“First and foremost on that list is dedication, commitment. And to me dedication means doing it through good times and bad times,” he told a Juneau audience Wednesday.
Gaines won three gold medals for the U.S. Olympic swim team in the 1984 Los Angeles Olympics. For the past 20 years he’s been a swimming analyst for network television. He also travels the country as a motivational speaker. He was the third and final speaker in this year’s Pillars of America series, sponsored by Juneau Rotary clubs.
“The champions I have found, at least in my sport, are the ones that can live through the good times – that’s so easy – but living through those valleys, that’s what’s so hard and that’s what makes a champion,” he said.
His Centennial Hall audience was comprised mostly of Juneau and Haines high school students. He said making mistakes is human – like this one at an Olympic trial:
“I’m really nervous. There are about 3,000 people in the audience, which is big for swimming, and back then it was ABC Wide World of Sports filming the whole thing. So I’m on the deck and I take my warm-ups off and hand them to my coach, and I start stretching — stretching out a little bit, swinging my arms, and kind of looking around — and all of a sudden it gets really quiet. Somebody yells ‘Rowdy, look down.’ And I look down and I’m completely naked,” he recalled to gales of laughter from the audience.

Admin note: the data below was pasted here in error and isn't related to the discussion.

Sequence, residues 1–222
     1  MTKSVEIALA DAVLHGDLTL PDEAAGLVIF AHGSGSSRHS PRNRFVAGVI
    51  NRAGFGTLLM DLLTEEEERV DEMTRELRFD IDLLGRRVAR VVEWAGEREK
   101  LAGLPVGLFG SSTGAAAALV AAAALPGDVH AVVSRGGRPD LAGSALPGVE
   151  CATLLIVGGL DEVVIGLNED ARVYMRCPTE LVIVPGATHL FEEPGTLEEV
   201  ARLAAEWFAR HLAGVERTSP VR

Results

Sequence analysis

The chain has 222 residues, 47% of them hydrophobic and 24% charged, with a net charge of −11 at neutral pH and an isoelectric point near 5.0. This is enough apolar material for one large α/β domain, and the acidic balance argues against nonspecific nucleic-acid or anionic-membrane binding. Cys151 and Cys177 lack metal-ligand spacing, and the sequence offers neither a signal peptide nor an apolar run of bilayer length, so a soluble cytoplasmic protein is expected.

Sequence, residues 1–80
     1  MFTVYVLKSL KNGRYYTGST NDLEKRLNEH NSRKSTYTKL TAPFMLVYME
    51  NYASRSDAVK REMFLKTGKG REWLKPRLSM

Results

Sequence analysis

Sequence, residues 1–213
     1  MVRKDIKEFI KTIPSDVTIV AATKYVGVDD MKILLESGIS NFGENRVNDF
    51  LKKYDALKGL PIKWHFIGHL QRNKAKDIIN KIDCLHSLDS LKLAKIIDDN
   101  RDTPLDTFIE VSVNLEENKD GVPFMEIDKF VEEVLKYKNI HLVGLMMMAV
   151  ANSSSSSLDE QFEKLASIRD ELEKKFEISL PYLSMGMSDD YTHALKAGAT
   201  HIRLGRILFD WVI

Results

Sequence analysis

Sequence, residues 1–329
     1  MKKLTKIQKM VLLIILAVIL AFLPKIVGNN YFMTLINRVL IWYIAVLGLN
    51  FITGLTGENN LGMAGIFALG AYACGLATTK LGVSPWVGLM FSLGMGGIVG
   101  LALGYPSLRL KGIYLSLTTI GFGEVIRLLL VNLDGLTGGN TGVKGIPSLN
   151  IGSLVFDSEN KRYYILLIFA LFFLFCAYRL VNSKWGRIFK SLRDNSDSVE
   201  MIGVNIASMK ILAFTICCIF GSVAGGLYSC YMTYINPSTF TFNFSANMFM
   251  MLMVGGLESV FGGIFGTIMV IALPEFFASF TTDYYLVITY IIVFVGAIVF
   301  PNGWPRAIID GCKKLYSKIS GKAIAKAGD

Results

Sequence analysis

In 1991, at the age of 32, Gaines was temporarily paralyzed with Guillain-Barré syndrome. He called it a life-challenging event, and credits swimming for saving his life.
He told the students to maintain focus, never be afraid to fail, learn from their mistakes, and work with others as a team. Gaines said he gave his Olympic gold medals to his parents and coach because he could not have won without their support.
He called himself “just an athlete” and said “athletes should not be heroes.”
This is the 20th year Rotary has sponsored the Pillars of America series in Juneau.
- The state is granting nearly $300,000 to improve water quality in some of Alaska's most damaged watersheds, including Juneau's orange-tinted Duck Creek.
- More than a third of all the penalties imposed since 1976 were logged last year.
- "You know, we're not talking about some smoky, old wood stove here. We’re talking about high-tech equipment," said Daniel Parrent, a program manager at the U.S. Forest Service.
- "Did you think that ganging together seven different taxes would make it more likely or less likely that any would pass?” asked Eagle River Republican Rep. Dan Saddler.